In a surprising turn of events for me, whereas I initially wanted to effectively smear your claim, I have instead concluded that at the root of your claim, you are calling for the law. This is a very reasonable claim, a very humane claim. But there is a problem with it.
You think these shootings, the school ones especially, evidence that we are living in a state of chaos–in some situation similar to that which is before the law–and you desire to do something about it.
However, the law is already here. We are not in a state of chaos in the United States of America. Several hundred, perhaps even one thousand people have broken the law in the last twenty years in ways that previously seemed unimaginable. This is new, yes, but it is not chaos.
Hear me now. These events do not indicate that we have returned to the state of nature. They do not even indicate that we are in a trajectory towards the return to the state of nature.
Do you hear me? I’m asking you to listen. I listened to you. It’s the least you can do.
The law is not determined by elections. You (meaning literally you, the person reading this, and not meaning the generic “anyone”), you cannot vote the law out or in.
What to do?
The only option you have is to amend the Constitution of the United States of America, and that is a very real option which I do believe we (you and I–folks who disagree) should examine through civil discourse. But I wonder if you even know how it is done? If you do not, then you definitely are in no position to accomplish this possibly desirable task.
I know you don’t want to hear this, but I say this is the only option you have because I believe that every other option is anarchy–a subversive dismantling of the law. And this dismantling is a step in the opposite direction of what you want if you really want to keep certain firearms out of the hands of civilians while in the hands of the warriors.
In pictures from the marches, I saw a sign which said, “America, the world is watching.”
Do you hear them?
If you amend the Constitution, then we follow the footsteps and stand on the shoulders of our founders and teach the watching world the law. If you pass any other legislation–any whatsoever–then we demonstrate that we do not value the law. This, again, is the opposite of what you have said you desire.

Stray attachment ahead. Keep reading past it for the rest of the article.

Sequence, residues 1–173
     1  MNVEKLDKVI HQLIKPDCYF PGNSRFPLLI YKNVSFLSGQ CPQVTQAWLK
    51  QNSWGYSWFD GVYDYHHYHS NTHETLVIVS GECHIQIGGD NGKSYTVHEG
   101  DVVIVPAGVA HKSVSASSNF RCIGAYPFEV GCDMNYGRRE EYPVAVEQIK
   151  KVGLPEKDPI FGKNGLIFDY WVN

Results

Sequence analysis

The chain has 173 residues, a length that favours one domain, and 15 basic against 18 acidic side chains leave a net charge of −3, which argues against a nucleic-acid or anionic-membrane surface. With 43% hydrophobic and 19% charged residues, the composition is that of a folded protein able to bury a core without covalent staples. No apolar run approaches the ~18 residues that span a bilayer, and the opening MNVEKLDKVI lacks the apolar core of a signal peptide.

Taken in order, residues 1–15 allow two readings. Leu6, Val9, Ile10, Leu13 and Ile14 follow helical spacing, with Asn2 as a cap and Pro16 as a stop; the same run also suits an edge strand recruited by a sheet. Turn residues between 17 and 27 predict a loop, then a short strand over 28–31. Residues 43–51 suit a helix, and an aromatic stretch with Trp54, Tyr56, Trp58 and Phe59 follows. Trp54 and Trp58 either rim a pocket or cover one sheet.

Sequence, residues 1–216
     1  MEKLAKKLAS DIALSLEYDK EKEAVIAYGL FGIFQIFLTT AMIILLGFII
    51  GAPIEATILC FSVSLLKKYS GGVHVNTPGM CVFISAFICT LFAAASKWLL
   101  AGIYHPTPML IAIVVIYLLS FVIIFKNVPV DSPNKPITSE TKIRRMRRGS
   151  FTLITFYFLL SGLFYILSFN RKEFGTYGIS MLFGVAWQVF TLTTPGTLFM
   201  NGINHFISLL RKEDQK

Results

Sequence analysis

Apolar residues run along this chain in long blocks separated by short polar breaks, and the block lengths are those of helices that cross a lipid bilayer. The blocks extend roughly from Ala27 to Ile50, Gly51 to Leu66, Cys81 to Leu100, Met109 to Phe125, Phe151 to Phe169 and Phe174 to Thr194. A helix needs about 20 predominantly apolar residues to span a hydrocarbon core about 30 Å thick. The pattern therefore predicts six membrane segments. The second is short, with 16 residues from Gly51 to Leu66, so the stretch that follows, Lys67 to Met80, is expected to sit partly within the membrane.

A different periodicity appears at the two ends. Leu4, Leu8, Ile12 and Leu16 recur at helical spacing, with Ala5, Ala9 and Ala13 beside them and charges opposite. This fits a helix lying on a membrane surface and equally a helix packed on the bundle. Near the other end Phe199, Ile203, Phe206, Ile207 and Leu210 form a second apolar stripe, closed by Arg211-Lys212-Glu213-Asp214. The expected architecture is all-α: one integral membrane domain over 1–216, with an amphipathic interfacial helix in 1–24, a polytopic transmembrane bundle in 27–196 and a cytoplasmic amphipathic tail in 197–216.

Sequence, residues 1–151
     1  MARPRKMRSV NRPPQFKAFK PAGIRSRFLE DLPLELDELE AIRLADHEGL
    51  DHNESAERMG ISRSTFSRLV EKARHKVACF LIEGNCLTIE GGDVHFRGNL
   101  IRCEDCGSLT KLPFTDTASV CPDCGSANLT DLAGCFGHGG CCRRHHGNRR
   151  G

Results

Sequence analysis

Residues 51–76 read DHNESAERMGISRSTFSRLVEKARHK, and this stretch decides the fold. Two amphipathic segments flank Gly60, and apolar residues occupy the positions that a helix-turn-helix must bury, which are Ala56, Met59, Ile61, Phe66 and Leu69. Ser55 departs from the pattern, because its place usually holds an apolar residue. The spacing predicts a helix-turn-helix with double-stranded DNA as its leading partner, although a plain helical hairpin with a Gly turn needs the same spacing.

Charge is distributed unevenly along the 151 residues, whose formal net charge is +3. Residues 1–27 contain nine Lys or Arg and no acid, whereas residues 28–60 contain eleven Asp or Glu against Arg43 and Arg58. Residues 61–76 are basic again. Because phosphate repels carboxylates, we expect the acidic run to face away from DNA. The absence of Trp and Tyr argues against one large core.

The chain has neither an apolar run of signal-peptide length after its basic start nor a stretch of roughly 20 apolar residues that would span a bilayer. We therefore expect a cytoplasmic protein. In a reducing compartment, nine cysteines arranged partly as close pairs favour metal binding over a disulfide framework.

And this is the precise point of disagreement.
Do you hear me?
The amendment is the precise point because I am confused by why you think there is any other option. I will listen and read anything you have which you think will help me see your point more clearly. I want the shootings to stop as much as you do.
Do you hear me?
I am slowly working on the new novel, the one filled with all the sex and violence you can handle (and desire)–and probably more–but I haven’t been writing it that often.
And obviously I haven’t been blogging much.
And I still don’t have a post for you.
But I do finally have the desire to share this video of a speech I gave at one of my beloved toastmasters competitions back in 2012 and in doing so finally pull back the curtain on my never-requested-but-just-the-same-deliberately-hidden appearance. I don’t have the hair or beard these days, but yes, the rumors are true, I am still that good looking. 😉 (for the ladies.) (Fellas: sorry, but you shouldn’t need an emoticon to calm you down.)
Oh. And Happy Birthday…Djyaa-nit.
(If you’re short on time, skip to the bottom for numbered instructions.)
Five days had passed. He still wasn’t able to focus. He couldn’t believe what the President had said–what the President had done.
His friends were sick of listening to him rant. He felt like his co-workers were starting to be more than annoyed. But he couldn’t relent. He was in shock that the President of the United States of America had come to the conclusion that his best play was to say what he did. He was so angry. Rage had descended upon him as if an avalanche.